------- Comment #3 from  2009-03-22 16:50 -------
(In reply to comment #2)
> judging from compiler error messages, ref is not a type modifier, it's a
> function attribute, so brackets won't help. 

I'm a little confused - if that were the case, surely it would work?

Moreover, what is there preventing ref from becoming a type modifier, if this
would fix the problem?

It should also be noted, that
> others function attributes' grammar is also ambiguous.
> ---
> nothrow int function() foo();
> ---
> What is nothrow here?

So there's actually an advantage to the suffix notation for function

> ---
> const int foo();
> ---
> What is const here?
> ---
> int foo(ref int function() goo);
> ---
> This one would probably give no error.

But that is a case that really is ambiguous.

> Is it keyword saving issue? Semantically different things have the same 
> syntax.
> If Walter wants context-dependent keywords, he should mark those contexts
> better.
> I would like to see function attributes at predictable, easy-to-spot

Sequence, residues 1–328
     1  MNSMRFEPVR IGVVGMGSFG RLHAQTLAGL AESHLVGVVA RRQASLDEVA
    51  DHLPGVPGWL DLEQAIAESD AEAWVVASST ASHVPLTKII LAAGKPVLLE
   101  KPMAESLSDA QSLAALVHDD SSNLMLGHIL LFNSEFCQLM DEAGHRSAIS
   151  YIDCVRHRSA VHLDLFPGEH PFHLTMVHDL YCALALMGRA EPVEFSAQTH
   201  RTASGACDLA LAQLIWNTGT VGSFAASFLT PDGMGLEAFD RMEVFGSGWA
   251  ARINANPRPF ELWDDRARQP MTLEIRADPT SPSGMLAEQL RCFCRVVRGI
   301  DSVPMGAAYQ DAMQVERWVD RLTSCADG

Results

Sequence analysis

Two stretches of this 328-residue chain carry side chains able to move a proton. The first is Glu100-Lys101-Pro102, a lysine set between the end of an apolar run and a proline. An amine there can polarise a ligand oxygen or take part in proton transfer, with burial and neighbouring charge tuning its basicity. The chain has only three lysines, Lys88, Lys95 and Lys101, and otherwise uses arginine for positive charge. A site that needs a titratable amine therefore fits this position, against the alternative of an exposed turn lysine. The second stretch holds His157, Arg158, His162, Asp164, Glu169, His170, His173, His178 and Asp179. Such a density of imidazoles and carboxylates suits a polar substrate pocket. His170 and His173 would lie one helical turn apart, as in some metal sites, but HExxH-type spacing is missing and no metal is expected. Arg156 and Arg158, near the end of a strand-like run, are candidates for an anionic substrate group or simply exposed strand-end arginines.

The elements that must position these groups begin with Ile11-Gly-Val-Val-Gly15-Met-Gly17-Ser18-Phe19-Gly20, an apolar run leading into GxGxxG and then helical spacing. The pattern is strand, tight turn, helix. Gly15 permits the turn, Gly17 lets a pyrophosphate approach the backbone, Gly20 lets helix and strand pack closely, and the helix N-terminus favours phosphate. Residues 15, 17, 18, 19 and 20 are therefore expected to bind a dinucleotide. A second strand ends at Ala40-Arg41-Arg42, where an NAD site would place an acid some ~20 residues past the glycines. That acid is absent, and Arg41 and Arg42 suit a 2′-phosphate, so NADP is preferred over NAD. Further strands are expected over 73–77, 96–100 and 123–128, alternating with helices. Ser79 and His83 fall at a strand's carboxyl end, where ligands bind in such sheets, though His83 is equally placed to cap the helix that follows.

> locations,
> so it would be no chanse to mess storage class with function attributes. There
> are already good places for function attributes (after function) and storage
> class attributes (before type). If the attributes will be restricted to
> corresponding places, there will be no ambiguity (except const).
> ---
> int foo(ref int function() goo); //ref parameter
> int goo(int function() ref foo); //return byref function
> ---

I don't really like this.  The ref essentially means the same thing, it's just
whether it applies to the parameter or the return.  In the latter, it's being
moved further from what it applies to: the return type.

IIRC, the equivalent C++ syntax is

int foo(int (*&goo)());  // ref parameter
int goo(int& (*foo)());  // ref return in parameter

It isn't exactly clear, but at least it's unambiguous.  If D got the & notation
for reference, we would have

int foo(int function()& goo);  // ref parameter
int goo(int& function() foo);  // ref return in parameter

Indeed, we could have ref take the place of & in this notation

int foo(int function() ref goo);  // ref parameter
int goo(int ref function() foo);  // ref return in parameter

and so the syntax of ref/& would become consistent with that of *.

We could do it like this, or we could make ref a type modifier along the lines
of const.  Take your pick.


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